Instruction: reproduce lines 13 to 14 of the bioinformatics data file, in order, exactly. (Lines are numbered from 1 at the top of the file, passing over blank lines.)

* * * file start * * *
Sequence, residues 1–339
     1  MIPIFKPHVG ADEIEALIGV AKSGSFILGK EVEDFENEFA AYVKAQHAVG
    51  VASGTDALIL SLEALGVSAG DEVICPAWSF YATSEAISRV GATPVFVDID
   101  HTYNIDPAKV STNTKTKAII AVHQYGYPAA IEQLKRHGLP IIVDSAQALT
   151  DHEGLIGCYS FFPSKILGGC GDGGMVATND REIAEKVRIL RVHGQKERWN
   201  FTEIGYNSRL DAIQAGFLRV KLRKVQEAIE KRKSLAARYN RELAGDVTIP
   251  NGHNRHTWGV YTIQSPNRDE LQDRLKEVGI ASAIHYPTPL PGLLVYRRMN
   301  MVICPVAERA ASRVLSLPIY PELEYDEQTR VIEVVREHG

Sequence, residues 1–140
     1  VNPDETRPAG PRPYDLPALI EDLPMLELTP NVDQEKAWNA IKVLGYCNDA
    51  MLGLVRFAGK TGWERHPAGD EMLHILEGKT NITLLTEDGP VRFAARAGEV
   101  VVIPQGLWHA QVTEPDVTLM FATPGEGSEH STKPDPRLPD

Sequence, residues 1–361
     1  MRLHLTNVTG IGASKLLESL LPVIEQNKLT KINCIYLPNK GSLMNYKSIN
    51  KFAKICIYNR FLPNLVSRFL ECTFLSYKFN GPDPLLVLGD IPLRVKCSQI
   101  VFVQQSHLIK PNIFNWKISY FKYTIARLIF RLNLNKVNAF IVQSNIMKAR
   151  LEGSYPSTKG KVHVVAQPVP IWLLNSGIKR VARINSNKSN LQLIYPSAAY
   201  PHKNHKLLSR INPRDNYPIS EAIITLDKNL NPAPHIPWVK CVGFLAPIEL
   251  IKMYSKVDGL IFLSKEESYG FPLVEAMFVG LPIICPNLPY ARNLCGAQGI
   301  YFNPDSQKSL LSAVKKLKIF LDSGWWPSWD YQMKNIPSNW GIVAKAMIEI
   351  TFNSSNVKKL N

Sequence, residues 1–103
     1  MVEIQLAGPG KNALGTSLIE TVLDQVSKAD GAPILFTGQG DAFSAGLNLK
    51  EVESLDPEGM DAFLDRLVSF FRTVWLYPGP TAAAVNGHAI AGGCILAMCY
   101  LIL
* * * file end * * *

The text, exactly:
Sequence, residues 1–361
     1  MRLHLTNVTG IGASKLLESL LPVIEQNKLT KINCIYLPNK GSLMNYKSIN